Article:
Classic Dining: Breakfast at The Arcade

Classic Dining: Breakfast at The Arcade

Most people think of breakfast when they think of The arcade restaurant.

It’s their most popular item, says Jeffrey Zepatos, one of the owners and great-grandson of founder Speros Zepatos. “Bacon or sausage, eggs any way you want, hash browns or oatmeal, biscuits and gravy or toast. It’s a pretty big meal. I think it’s a much larger meal than you would normally get from most places that serve breakfast, really.

He adds: “French toast is without a doubt our bestseller. Yesterday we made 260 pieces. You get three pieces per order.

Breakfast accounts for 50% of their sales during the week and 60-70% on weekends, he says.

It all started over a century ago, when Jeffrey’s great-grandfather, who emigrated from Kefalonia, Greece, to America, joined the Navy during World War I. He wanted to see the fight, but he volunteered to be the ship’s cook. And his food was a hit. “Everyone loved it,” says Jeffrey. “Admirals, Captains and Generals.”

After the war, Speros “traveled and ended up in Memphis. He saw Memphis as a rising city.

The Arcade restaurant will also be a part of young Harry’s life, says Jeffrey. “He doesn’t have to work there, but he can get work experience.”

The Arcade Restaurant, which Jeffrey says is the oldest restaurant in Memphis operated by the same family in the same location, opened in 1919 in a wooden structure at the current location. “In 1921 we finally built a real building – the brick building that is the restaurant today.”

The restaurant was part of an “arcade” that included multiple businesses within the same structure, Jeffrey explains. The building could accommodate up to 10 tenants. His great-grandfather, says Jeffrey, “had big dreams like any immigrant.”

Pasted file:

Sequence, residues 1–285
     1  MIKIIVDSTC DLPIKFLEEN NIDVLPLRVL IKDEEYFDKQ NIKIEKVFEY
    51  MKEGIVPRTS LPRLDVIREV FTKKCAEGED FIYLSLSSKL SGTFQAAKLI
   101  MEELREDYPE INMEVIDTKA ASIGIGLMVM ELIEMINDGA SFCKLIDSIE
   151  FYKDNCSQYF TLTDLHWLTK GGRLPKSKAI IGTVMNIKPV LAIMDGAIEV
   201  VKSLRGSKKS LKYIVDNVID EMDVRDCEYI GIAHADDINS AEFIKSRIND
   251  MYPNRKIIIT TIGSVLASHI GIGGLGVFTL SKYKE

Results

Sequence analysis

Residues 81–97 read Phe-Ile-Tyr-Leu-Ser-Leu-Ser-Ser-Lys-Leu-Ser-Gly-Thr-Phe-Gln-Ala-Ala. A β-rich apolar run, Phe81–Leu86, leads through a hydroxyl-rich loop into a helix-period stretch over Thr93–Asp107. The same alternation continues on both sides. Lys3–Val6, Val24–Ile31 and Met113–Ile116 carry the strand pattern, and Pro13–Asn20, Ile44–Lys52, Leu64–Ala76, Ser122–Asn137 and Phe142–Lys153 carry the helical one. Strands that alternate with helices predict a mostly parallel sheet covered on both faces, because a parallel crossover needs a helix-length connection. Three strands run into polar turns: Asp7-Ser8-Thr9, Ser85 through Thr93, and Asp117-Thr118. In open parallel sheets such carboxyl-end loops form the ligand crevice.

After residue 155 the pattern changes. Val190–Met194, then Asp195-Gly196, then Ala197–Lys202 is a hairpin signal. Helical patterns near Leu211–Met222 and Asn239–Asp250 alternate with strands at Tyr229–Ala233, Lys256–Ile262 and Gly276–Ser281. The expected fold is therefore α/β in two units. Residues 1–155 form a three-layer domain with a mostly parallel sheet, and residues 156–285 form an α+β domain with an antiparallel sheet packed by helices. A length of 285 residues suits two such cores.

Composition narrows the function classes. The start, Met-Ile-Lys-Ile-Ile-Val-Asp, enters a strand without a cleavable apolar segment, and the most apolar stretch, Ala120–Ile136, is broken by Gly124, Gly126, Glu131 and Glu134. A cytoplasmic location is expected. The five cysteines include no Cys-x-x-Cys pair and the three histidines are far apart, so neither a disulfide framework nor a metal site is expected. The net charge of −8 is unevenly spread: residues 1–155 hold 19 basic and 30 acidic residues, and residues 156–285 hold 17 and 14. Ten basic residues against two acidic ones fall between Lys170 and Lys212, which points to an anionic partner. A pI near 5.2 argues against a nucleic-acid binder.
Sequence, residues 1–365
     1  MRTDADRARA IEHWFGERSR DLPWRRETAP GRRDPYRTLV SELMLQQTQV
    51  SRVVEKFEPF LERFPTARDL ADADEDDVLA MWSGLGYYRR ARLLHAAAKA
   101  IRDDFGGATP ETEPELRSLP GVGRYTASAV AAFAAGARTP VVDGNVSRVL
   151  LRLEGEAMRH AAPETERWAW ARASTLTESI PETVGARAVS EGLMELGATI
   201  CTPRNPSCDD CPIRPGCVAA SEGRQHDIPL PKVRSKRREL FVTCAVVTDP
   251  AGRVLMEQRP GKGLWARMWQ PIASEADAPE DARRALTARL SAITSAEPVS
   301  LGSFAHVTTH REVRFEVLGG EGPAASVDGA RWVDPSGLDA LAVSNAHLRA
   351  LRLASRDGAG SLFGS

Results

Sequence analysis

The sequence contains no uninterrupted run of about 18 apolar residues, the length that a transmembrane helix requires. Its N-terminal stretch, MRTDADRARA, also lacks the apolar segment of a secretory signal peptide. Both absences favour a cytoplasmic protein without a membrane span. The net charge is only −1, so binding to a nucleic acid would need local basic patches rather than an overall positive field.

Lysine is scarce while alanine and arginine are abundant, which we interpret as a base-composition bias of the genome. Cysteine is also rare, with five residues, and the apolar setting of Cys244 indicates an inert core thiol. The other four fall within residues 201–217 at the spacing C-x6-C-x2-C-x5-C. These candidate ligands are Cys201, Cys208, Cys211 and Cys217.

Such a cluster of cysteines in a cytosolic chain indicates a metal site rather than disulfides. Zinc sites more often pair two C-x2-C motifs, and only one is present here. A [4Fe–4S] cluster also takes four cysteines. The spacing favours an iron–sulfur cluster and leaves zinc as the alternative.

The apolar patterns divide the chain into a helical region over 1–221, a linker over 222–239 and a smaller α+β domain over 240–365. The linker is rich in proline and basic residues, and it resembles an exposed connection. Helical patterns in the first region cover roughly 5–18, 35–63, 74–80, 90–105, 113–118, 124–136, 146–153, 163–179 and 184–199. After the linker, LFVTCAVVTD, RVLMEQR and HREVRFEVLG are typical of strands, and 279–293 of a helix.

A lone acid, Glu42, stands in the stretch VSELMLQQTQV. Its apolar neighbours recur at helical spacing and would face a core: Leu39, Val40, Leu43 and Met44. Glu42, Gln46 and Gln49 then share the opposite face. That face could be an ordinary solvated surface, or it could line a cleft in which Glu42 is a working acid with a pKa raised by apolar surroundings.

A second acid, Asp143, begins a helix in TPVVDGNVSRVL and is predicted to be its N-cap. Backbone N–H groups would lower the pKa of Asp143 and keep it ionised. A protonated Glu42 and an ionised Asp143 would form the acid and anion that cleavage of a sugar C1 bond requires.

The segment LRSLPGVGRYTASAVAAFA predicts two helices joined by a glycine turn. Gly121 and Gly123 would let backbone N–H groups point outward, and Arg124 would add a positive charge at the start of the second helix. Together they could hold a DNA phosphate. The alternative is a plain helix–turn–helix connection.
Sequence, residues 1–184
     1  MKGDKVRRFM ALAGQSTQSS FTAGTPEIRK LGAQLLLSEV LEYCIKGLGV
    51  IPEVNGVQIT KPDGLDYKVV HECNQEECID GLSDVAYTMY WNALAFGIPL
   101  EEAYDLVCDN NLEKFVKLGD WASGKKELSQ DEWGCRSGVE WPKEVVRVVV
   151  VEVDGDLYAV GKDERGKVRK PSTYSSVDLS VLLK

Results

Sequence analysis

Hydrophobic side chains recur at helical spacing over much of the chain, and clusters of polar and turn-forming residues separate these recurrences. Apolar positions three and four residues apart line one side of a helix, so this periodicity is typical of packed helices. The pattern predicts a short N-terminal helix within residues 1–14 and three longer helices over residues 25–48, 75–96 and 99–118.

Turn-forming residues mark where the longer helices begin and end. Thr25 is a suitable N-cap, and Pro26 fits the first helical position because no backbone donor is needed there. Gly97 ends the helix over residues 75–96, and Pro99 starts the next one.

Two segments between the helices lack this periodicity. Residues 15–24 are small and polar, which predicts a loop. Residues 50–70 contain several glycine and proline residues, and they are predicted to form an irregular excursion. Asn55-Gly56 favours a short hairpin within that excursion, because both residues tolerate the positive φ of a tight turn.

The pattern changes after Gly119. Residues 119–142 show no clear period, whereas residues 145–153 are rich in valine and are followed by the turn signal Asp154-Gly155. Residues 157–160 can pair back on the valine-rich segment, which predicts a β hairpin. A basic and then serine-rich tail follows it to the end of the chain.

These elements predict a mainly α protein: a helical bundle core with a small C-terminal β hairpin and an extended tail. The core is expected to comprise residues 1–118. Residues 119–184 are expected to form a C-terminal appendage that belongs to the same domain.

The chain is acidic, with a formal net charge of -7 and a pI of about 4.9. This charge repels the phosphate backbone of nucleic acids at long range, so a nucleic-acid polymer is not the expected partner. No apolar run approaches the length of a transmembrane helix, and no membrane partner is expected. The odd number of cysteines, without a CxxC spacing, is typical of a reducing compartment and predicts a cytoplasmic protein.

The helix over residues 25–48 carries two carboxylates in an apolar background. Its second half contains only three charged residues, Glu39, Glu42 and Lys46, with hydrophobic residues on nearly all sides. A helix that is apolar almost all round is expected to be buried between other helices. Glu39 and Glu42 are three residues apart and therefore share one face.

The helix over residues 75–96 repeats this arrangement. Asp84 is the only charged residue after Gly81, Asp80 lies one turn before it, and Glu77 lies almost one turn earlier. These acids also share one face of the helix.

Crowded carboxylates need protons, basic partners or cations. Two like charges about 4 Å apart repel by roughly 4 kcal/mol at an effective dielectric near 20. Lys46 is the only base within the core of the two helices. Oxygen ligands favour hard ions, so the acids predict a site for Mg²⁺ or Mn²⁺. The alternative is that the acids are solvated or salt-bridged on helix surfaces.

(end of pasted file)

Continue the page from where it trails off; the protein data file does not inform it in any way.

Speros also owned the nearby and now demolished Arcade Hotel, where Jim Jarmusch’s 1989 film, Mystery Trainwas filmed.

The neon sign on the side of the building is the restaurant’s original sign, Jeffrey explains. The rest of the neon outside, including the front door overhang, was added after a fire in the early 1950s.

“The interior changed a bit in the 1950s after the fire,” he says. “That’s what you see today. The whole interior is from the 50s. That’s why it feels like a 50s restaurant.”

His grandfather, Harry Spero Zepatos bought the restaurant in the 1960s and continued to run it into the 1990s. “My grandfather ran the restaurant during a really tough time,” says Jeffrey. “This was one of only three restaurants open downtown.”

Jeffrey’s parents, Karan and Harry Spero Zepatos II, took over in 2001. His father ran the restaurant until downtown started to come alive again, he says. “He really cared about the neighborhood and the people around him.”

Jeffrey and his brother, Michael, have worked at The Arcade since they were teenagers. Jeffrey and his wife, Kelcie, became involved with the restaurant after returning to Memphis from Chicago in 2014.

Kelcie was the driving force behind the restaurant’s expansion in 2017. “We just wanted to expand and build a liquor bar,” says Jeffrey.

Her dad “just wanted to knock down a wall,” but Kelcie asked if she could call some architects because “we wanted quality people” for the expansion.

Even the Covid pandemic didn’t slow The Arcade for long. The restaurant closed for two months in 2020, but by May the staff were back and the restaurant was doing good business with delivery and takeout orders.

Jeffrey’s philosophy? “I think we can always do better. I will never be satisfied. As the city grows, I expect us to grow too. Not necessarily in size, but in overall business. Never be complacent.

And, he says, “I’m excited for the fifth generation.” On January 20, 2022, Jeffrey and Kelcie became the parents of Harry Speros Zepatos III.

The Arcade restaurant will also be a part of young Harry’s life, says Jeffrey. “He doesn’t have to work there, but he can get work experience.”

The arcade restaurant is at 540 South Mayn Street.